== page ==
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LSU Tigers consider postponing ASU home-and-home series

Eight years ago, the Arizona State community opened its doors to the LSU Tigers. Now, reports have surfaced to indicate LSU plans to postpone the 2015-16 home-and-home.

Beth Hall-USA TODAY Sports

Last night, The Times-Picayune reported that LSU was searching for a suitable BCS conference opponent to play at Tiger Stadium on September 12, 2015. The problem with that? Arizona State is already scheduled to play them in Baton Rouge that day, and in Tempe in 2016.

Now, all of that is in danger of being postponed for a few years.

[Senior associate athletic director Verge] Ausberry said he doesn't want to play Arizona State and Wisconsin in 2016. So, LSU is pushing back the Arizona State home-and-home to later years and bringing in another 2015 foe.

ASU is no stranger to these maneuvers, with scheduled games against BYU, Notre Dame and San Jose State all falling off the docket in recent (and in future) years. The state of college football is partially to blame for this, as schedule strength is more important than ever -- the College Football Playoff puts a premium on a tough schedule that yields the highest possible win total.

No matter the reason for pushing back the Arizona State series, one thing's for certain: LSU and ASU have a positive history and we should remain optimistic that these games will indeed take place, just further out into the future than we'd like.

More on that positive history:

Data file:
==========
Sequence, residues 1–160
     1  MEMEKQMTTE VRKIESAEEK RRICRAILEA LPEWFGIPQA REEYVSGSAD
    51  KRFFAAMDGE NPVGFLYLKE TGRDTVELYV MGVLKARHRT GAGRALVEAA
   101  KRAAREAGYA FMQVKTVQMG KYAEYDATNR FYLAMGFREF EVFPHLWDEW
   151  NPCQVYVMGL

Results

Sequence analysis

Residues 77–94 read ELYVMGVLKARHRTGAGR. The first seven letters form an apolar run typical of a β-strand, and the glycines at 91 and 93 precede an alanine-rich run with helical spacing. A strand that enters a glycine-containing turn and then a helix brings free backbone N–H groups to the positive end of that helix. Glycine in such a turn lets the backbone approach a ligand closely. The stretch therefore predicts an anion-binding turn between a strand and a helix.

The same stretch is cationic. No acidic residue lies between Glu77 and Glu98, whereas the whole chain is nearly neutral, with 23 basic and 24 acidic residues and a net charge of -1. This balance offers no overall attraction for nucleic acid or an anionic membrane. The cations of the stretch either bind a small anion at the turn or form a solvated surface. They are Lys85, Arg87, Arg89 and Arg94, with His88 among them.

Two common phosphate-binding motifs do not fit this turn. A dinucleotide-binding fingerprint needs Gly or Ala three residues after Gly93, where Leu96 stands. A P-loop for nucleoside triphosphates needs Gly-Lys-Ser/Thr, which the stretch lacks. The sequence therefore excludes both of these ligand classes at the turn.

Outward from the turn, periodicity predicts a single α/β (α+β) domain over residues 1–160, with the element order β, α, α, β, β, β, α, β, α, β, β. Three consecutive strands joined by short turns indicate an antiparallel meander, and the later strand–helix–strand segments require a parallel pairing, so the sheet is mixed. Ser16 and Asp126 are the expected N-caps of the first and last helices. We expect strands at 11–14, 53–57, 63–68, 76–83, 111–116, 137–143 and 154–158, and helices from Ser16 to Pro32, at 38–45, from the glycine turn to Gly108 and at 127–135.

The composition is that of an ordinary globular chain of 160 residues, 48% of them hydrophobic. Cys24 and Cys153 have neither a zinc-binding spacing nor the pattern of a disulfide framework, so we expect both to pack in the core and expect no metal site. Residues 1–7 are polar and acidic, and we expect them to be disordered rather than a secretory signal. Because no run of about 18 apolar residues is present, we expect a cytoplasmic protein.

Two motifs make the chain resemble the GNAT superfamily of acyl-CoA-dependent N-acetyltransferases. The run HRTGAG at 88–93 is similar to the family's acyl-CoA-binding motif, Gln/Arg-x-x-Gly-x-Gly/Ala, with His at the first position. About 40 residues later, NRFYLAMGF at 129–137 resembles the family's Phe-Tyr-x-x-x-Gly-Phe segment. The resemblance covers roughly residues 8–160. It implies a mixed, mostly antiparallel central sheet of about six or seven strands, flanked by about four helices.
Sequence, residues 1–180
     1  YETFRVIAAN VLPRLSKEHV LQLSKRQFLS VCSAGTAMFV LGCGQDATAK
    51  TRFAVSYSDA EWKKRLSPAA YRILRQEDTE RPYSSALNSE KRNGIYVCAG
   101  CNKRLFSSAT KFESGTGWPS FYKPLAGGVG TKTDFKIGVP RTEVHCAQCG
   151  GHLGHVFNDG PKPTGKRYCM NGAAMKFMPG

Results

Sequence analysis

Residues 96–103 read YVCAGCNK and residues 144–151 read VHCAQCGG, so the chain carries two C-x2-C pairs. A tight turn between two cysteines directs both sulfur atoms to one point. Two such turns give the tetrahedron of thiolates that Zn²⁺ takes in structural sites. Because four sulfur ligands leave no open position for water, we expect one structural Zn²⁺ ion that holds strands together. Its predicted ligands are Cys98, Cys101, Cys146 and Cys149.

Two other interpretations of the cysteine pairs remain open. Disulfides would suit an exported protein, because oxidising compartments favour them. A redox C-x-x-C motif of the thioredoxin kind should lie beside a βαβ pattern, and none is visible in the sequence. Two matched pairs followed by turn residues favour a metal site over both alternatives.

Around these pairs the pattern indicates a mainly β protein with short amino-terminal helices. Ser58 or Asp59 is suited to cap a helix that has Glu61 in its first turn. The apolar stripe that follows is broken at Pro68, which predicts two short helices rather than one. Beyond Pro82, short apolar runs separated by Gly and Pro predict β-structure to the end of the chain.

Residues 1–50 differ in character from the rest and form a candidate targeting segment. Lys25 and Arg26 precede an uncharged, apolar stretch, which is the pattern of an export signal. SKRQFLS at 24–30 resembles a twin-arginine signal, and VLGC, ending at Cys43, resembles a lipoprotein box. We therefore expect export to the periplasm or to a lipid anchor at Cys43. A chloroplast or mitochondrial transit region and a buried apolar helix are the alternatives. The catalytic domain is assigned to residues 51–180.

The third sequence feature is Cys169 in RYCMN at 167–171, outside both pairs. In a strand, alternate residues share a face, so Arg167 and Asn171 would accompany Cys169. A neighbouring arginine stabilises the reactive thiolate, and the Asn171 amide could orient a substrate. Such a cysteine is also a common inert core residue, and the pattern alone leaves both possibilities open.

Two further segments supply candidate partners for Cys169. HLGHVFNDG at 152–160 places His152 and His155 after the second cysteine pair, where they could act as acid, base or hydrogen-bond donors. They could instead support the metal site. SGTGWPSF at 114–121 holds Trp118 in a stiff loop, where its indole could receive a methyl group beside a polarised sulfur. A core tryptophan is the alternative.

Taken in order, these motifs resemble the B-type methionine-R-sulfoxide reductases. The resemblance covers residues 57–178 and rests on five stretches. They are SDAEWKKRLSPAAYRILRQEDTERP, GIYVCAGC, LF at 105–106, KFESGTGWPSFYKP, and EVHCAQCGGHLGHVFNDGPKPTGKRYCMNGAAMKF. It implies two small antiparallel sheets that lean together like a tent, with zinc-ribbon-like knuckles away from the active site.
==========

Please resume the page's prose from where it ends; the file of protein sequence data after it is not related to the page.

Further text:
Eight years ago, Hurricane Katrina made landfall in New Orleans, just 12 days before ASU was scheduled to play LSU in Baton Rouge. With the Louisiana State campus serving as a triage center and a refuge site for victims of the catastrophic storm, it was impossible for a football game to take place as scheduled.

In order to make the game a reality, Arizona State stepped up to the plate and agreed to host the game at Sun Devil Stadium. They made numerous concessions, including an SEC officiating crew and allowing ESPN the right to broadcast the game despite the lack of a Pac-10 television deal.

So the deal was struck: the LSU Tigers would have a ceremonial home game in Tempe that would serve as a powerful fundraiser in a time of need.

Over 63,000 people attended the event, despite the fact that there was a very limited timeframe to promote and sell tickets. All loge tickets were $50, while every other seat in the house was priced at $30. The Arizona State community came together as one to support their fellow Americans during a horrible tragedy.

According to The State Press article from 2005, donations from the game went to the Bush-Clinton Hurricane Relief Fund and the Hurricane Student Relief Fund. In the end, ASU and LSU raised and donated over a million dollars to these causes.

The goodwill left an impression on LSU, who agreed to reschedule their home-and-home to 2015 and 2016.

"We are glad we were able to work out acceptable dates for both schools to meet in the future," said Dan Radakovich, LSU associate athletics director, who is responsible for football scheduling. "The people at Arizona State were great friends and wonderful hosts during a difficult time for LSU [in 2005], and we wanted to keep this relationship intact."

Nowadays, Radakovich is the athletic director at Clemson, and the relationship between LSU and ASU is potentially being put on hold.

The reasons for the decision make sense in a vacuum, but fans of Arizona State deserve the opportunity to visit Baton Rouge and watch their Sun Devils play the Tigers as soon as possible. The ASU athletic department's efforts eight years ago were admirable and we should still expect LSU to fulfill the promise of a home-and-home to the Sun Devil Nation in the coming years.